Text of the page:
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Publication numberUS7215566 B2
Publication typeGrant
Application numberUS 11/214,869
Publication dateMay 8, 2007
Filing dateAug 31, 2005
Priority dateNov 29, 2004
Fee statusPaid
Also published asCN1783334A, CN1783334B, US20060114714
Publication number11214869, 214869, US 7215566 B2, US 7215566B2, US-B2-7215566, US7215566 B2, US7215566B2
InventorsYoshiharu Kanegae
Original AssigneeHitachi, Ltd.
Export CitationBiBTeX, EndNote, RefMan
External Links: USPTO, USPTO Assignment, Espacenet
Magnetroresistive random access memory and method of manufacturing the same
US 7215566 B2
Abstract
A magnetic memory includes a TMR element in its memory layer, wherein the TMR element in the memory layer has ferromagnetic layers which are kept in tensile strain, the ferromagnetic layers having either Fe, Co or Ni, and a wiring layer adjacent to each of the ferromagnetic layers includes either Ru, W, Ir, Os or Mo, thereby increasing the magnetization.
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Claims(2)
1. A magnetic memory using a TMR element in a memory layer, comprising:
a ferromagnetic layer made of either Fe, Co or Ni and forming part of said TMR element in said memory layer, said ferromagnetic layer being kept in tensile strain; and
a wiring layer adjacent to said ferromagnetic layer, said wiring layer including either Ru, W, Ir, Os or Mo.
2. A magnetic memory using a TMR element in a memory layer, and having said memory layer disposed at each intersection of upper and lower wiring layers, wherein:
said TMR element in said memory element includes a ferromagnetic layer which is kept in tensile stain, said ferromagnetic material being made of a material including either Fe, Co or Ni, and
each said wiring layer is made of a material including either Ru, W, Ir, Os or Mo in a portion adjacent to said ferromagnetic layer, and made of a material including either Al, Cu, Ag or Au in the remaining wiring portion.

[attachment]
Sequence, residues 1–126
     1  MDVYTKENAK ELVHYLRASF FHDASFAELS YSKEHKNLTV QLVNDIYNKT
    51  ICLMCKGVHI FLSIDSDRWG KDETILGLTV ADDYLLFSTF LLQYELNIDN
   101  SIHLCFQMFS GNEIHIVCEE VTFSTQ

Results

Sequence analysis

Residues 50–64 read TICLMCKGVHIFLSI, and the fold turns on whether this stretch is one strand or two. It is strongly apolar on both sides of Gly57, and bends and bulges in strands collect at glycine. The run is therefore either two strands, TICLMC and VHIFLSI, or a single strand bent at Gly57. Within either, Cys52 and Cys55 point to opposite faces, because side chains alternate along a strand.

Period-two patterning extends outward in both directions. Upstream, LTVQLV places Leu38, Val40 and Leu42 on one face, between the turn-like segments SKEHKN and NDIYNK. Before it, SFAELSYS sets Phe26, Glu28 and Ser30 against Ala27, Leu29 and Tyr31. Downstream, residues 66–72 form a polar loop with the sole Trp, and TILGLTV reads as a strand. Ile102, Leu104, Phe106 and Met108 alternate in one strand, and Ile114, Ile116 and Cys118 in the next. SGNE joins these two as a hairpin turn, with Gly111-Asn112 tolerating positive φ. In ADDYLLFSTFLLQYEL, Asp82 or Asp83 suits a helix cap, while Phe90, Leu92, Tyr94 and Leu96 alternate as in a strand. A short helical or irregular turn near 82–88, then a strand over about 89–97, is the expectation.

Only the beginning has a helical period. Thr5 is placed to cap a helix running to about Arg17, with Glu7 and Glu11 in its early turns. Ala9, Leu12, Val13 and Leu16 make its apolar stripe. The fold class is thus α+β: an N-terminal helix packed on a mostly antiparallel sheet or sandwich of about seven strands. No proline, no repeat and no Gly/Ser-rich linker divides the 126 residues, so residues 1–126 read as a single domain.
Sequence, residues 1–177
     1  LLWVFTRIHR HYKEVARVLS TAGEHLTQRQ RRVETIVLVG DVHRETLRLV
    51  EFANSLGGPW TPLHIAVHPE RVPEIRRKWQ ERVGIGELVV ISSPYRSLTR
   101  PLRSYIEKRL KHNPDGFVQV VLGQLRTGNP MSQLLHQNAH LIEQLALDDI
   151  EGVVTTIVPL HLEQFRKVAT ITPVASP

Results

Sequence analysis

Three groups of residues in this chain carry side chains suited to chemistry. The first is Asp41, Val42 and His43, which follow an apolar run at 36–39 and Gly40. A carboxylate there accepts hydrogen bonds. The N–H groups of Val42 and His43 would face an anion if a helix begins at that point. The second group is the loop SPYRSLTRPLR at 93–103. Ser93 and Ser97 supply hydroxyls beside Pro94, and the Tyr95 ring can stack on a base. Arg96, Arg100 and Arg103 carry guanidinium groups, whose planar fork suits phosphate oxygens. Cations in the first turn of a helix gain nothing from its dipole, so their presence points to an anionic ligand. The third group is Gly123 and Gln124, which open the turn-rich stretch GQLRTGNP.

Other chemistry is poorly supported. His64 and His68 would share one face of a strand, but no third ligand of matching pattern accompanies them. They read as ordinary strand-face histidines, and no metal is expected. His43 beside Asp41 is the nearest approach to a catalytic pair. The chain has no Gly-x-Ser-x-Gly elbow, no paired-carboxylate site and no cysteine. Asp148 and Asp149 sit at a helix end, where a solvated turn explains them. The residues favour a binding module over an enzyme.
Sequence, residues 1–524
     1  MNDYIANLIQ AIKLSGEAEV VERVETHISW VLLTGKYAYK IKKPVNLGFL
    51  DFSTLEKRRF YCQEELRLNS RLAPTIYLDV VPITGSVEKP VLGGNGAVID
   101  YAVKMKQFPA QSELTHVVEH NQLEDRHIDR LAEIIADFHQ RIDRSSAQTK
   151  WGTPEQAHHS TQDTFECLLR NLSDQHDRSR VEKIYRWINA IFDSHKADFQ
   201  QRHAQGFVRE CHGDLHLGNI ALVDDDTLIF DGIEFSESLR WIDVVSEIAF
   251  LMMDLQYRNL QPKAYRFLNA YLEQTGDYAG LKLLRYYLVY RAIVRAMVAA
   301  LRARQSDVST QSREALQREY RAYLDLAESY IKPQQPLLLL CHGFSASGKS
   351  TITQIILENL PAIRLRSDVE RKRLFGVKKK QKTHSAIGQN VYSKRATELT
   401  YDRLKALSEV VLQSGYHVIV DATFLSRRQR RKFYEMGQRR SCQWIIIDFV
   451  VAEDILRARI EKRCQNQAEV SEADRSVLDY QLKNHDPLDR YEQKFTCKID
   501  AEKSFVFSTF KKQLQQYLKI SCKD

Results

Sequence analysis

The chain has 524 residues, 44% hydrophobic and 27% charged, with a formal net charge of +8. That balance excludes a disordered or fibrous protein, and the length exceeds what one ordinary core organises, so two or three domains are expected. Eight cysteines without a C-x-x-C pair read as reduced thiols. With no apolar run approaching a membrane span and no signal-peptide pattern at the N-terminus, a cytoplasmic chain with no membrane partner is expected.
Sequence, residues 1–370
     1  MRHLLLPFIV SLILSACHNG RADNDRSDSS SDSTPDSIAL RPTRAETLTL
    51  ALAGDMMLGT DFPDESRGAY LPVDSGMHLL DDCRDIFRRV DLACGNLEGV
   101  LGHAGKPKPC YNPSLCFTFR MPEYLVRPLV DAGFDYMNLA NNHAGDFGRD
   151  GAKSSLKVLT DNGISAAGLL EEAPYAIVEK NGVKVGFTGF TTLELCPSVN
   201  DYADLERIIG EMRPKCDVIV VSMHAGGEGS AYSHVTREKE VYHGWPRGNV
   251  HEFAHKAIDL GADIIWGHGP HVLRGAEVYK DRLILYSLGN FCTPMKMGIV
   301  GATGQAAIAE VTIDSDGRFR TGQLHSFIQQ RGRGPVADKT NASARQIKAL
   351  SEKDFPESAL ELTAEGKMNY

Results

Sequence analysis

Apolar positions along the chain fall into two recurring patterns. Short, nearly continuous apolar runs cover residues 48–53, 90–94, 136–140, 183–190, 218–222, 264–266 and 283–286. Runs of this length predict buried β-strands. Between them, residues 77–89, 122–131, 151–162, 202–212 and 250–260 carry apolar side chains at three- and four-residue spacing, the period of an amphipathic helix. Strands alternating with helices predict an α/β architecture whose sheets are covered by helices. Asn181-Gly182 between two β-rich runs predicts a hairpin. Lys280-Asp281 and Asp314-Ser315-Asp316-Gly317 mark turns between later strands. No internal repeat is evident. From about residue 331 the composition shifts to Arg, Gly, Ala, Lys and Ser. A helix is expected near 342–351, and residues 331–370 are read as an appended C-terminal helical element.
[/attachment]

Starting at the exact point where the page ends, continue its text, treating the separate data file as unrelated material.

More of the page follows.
Description
BACKGROUND OF THE INVENTION

The present invention relates to a magnetoresistive random access memory (MRAM).

A magnetoresistive random access memory (MRAM) is expected to be a next-generation high performance memory which will substitute for DRAM and flash memory because of high speed, low power consumption, extremely high non-volatility, and rewrite resistance exhibited thereby, so that many foreign and national companies have studied and developed MRAM for practical use. The MRAM is generally a memory which makes use of the tunnel magneto-resistance (TMR) effect, and since the TMR ratio must be improved for accomplishing higher speed and higher reliability, investigations are extensively under progress for the material composition, deposition method, and the like which could result in a higher TMR ratio.

A TMR element as illustrated in FIG. 1 is used for a memory unit of MRAM. This element has a structure of sandwiching an insulating layer, called a “tunnel barrier layer,” between ferromagnetic layers. As a voltage is applied to this element in the interlayer direction, a current flows due to the tunneling effect, wherein the value of the electric resistance differs depending on the magnetization directions of the two ferromagnetic layers. Generally, the resistance is smaller when the magnetization directions of the two ferromagnetic layers are parallel than when they are antiparallel. The MRAM utilizes this difference in resistance as bit information. Also, the ratio of the differences in resistance when the magnetization directions of the two ferromagnetic layers are parallel to when they are antiparallel is called the “TMR ratio.” Assuming that the spin of electron is preserved during tunneling, the TMR ratio (R) is expressed by the following equation (M. Julliere: Physics Letters 54A, 225 (1975)):